4. lce(i,j) string depth of lca of suffix i ofS1
    and suffix j ofS2

22
Example
WINDOW INDIGO 1234567
1234567

D
ND
I
OG
O
W
(1, 7) (2, 7)
(2, 5)
ND
OW

OGI
OW
OGI
OG
W
INDOW

(2, 4)
(2, 2)
(1, 3)
(1, 5)
(2, 6)
(2, 3)
(1, 4)
OGI
OW
(1, 6)
(1, 1)
(2, 1)
(1, 2)
23
lces, revisited
Given two strings S1 and S2 , we are
now interested in finding, for each i, the index
j such that lce (i, j) is maximal.
  • What is the meaning of this task?
  • How do we accomplish it efficiently?
  • Notice that computing the values
  • lce (i, j) for all j is very inefficient!

24
Palindromes
  • A palindrome is a string that reads the same in
    both directions
  • E.g., CATGTAC
  • red rum, sir, is murder
  • Palindrome problem Find all maximal palindromes
    in a string S

25
Finding Palindromes in S
  • Construct the reverse S of S
  • Build generalized suffix tree of S and S
  • Preprocess T for lce queries
  • Now what?
  • Left as homework
  • Requirement Linear time (const. per query)

S
q 1
26
Palindromes in DNA sequences
  • We sometimes need to deal with
  • Crick-Watson complemented palindromes A ?
    T C ? G
  • E.g., ATCATGAT is a complemented palindrome
  • All complemented palindromes in S can be found
    using a GST of S and the complement of S

27
Suffix Array Reducing Space
6 ALAM
2 ALAYALAM
8 AM
4 AYALAM
7 LAM
3 LAYALAM
1 MALAYALAM
9 M
5 YALAM
10
M A L A Y A L A M 1 2 3 4 5 6 7 8 9 10
6 2 8 4 7 3 1 9 5 10
Suffix Array Lexicographic ordering of suffixes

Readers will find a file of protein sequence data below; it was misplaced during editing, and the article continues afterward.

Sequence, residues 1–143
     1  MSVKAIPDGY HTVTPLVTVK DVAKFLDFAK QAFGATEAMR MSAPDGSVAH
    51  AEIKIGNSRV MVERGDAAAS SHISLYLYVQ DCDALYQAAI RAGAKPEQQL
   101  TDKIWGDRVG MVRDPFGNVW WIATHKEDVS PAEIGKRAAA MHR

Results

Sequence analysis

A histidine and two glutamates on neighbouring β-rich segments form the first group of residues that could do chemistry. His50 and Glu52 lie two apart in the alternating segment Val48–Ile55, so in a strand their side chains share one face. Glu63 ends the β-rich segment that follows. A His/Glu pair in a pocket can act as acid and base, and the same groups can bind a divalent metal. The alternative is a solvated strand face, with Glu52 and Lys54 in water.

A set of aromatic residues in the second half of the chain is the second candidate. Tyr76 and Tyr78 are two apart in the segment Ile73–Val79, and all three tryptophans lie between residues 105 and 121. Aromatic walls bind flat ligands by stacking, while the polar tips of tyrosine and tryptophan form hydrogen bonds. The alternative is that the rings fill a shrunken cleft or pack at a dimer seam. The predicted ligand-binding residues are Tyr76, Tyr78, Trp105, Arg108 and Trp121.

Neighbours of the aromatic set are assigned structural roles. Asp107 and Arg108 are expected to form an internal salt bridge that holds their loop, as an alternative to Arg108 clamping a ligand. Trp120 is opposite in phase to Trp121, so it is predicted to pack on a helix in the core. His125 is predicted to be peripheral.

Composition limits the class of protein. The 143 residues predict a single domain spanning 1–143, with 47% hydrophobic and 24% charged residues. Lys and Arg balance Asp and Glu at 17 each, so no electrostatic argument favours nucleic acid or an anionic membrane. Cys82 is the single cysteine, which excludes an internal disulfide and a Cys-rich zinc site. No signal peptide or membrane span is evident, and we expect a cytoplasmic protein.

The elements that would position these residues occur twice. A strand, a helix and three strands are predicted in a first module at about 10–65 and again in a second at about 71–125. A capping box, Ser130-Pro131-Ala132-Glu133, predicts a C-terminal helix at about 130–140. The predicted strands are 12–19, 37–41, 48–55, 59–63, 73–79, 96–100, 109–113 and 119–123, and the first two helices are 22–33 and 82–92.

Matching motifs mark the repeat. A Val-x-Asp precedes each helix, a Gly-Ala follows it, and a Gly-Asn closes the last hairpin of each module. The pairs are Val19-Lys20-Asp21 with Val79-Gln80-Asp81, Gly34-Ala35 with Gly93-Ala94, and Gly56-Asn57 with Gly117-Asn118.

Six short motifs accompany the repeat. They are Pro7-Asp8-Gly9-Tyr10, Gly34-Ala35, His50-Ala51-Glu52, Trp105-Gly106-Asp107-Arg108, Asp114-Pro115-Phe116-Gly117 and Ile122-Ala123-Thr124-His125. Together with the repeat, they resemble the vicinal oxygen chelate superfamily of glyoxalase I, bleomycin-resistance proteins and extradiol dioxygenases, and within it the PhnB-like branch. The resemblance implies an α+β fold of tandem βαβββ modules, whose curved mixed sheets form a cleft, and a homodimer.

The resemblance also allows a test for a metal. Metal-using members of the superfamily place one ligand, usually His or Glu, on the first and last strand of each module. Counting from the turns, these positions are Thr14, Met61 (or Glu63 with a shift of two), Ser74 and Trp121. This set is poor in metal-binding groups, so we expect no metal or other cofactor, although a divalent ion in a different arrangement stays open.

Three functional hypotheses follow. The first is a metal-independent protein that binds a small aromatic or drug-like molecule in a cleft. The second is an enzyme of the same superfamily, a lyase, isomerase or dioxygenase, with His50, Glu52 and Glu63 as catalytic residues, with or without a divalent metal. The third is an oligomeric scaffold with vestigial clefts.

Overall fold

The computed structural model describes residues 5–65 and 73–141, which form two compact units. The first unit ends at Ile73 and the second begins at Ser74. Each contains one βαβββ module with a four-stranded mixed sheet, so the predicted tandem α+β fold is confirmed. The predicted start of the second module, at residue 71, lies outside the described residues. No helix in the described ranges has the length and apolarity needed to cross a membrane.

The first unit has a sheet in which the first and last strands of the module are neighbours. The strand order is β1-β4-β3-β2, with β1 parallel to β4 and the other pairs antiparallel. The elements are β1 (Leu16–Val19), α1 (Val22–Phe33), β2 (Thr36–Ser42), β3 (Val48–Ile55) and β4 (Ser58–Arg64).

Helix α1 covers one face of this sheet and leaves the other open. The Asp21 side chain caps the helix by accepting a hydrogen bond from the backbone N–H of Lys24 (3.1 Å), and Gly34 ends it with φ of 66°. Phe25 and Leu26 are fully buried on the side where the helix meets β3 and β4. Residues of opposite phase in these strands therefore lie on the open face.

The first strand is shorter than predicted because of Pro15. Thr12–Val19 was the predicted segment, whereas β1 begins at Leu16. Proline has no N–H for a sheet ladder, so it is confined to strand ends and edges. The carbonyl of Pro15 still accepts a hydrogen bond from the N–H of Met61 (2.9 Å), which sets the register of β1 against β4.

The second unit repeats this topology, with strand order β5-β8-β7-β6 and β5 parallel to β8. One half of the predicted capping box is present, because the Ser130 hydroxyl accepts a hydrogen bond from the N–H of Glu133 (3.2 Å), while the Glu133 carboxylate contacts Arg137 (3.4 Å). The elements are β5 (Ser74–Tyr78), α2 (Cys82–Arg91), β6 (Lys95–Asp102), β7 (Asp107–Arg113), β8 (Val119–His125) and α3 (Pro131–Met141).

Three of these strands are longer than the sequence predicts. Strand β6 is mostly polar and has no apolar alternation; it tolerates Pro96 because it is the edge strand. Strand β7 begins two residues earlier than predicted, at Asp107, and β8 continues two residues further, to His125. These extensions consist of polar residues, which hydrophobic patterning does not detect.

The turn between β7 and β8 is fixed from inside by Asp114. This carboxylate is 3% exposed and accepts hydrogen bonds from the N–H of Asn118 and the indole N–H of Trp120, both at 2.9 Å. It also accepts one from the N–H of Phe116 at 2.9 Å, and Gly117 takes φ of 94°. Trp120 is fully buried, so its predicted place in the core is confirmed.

3 1 1 0 2 0 1 0 0 -
Derive Longest Common Prefix array
Suffix 6 and 2 share ALA Suffix 2,8 share just
A. lcp achieved for successive pairs.
28
Pattern Search in Suffix Array
  • All suffixes that share a common prefix appear in
    consecutive positions in the array.
  • Pattern P can be located in the string using a
    binary search on the suffix array.
  • Naïve Run-time O(P ? log n).
  • Improved to O(P log n) ManberMyers93, and
    to O(P) Abouelhoda et al. 02.

29
Computing longest common prefix Values
  • Find where S1 is in the suffix array.
  • Compute lcp value of S1.
  • Find S2 in the suffix array.
  • Compute lcp value of S2.
  • Repeat for all suffixes.
  • Run-time is O(1) per suffix (why?),
  • so linear overall.

30
Example
Text
Position
Suffix Array
3
1
1
0
2
0
1
0
0
lcp Array
6 ALAM
2 ALAYALAM
8 AM
4 AYALAM
7 LAM
3 LAYALAM
1 MALAYALAM
9 M
5 YALAM
10
31
Suffix Trees vs. Suffix Arrays
  • Suffix Array Lexicographic order of the